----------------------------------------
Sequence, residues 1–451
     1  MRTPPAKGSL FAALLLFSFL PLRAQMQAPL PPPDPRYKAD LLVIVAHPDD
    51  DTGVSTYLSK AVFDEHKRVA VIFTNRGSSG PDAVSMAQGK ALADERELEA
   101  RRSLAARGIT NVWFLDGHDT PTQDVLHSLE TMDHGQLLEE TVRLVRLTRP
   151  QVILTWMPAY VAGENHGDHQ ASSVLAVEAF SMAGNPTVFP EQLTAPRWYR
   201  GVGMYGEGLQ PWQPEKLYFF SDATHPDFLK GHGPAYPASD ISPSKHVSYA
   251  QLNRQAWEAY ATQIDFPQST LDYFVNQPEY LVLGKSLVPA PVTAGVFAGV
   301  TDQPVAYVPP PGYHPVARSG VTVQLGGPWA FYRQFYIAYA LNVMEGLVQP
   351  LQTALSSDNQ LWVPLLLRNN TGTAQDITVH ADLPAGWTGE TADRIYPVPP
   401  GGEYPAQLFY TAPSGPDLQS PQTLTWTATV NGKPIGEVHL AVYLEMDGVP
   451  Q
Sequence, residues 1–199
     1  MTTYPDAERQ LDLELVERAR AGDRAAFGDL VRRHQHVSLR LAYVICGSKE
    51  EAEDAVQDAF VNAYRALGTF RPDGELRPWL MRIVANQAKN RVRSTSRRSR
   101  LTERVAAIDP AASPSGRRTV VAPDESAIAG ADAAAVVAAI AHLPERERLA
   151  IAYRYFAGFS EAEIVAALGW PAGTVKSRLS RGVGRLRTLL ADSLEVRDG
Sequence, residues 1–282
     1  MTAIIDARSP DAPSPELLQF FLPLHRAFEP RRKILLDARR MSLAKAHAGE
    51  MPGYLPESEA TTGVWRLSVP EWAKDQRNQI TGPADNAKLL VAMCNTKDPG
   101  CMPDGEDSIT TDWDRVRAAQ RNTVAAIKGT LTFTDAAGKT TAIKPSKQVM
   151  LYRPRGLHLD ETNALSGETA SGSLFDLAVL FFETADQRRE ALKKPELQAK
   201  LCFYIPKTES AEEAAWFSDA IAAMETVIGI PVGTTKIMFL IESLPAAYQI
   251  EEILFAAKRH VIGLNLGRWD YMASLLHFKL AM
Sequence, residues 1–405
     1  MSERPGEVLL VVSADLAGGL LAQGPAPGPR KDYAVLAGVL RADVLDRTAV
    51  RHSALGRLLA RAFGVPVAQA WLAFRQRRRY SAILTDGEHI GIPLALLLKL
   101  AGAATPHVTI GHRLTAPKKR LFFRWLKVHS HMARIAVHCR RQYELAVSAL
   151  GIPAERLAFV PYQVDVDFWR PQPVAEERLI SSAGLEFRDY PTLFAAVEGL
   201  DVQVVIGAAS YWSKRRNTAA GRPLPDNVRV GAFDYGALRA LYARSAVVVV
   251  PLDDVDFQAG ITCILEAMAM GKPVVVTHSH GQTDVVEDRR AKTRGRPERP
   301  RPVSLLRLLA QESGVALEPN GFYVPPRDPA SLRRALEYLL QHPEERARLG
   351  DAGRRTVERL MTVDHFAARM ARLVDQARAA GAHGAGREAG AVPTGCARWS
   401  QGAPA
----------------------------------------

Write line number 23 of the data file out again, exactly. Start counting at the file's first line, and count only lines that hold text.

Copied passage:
   251  EEILFAAKRH VIGLNLGRWD YMASLLHFKL AM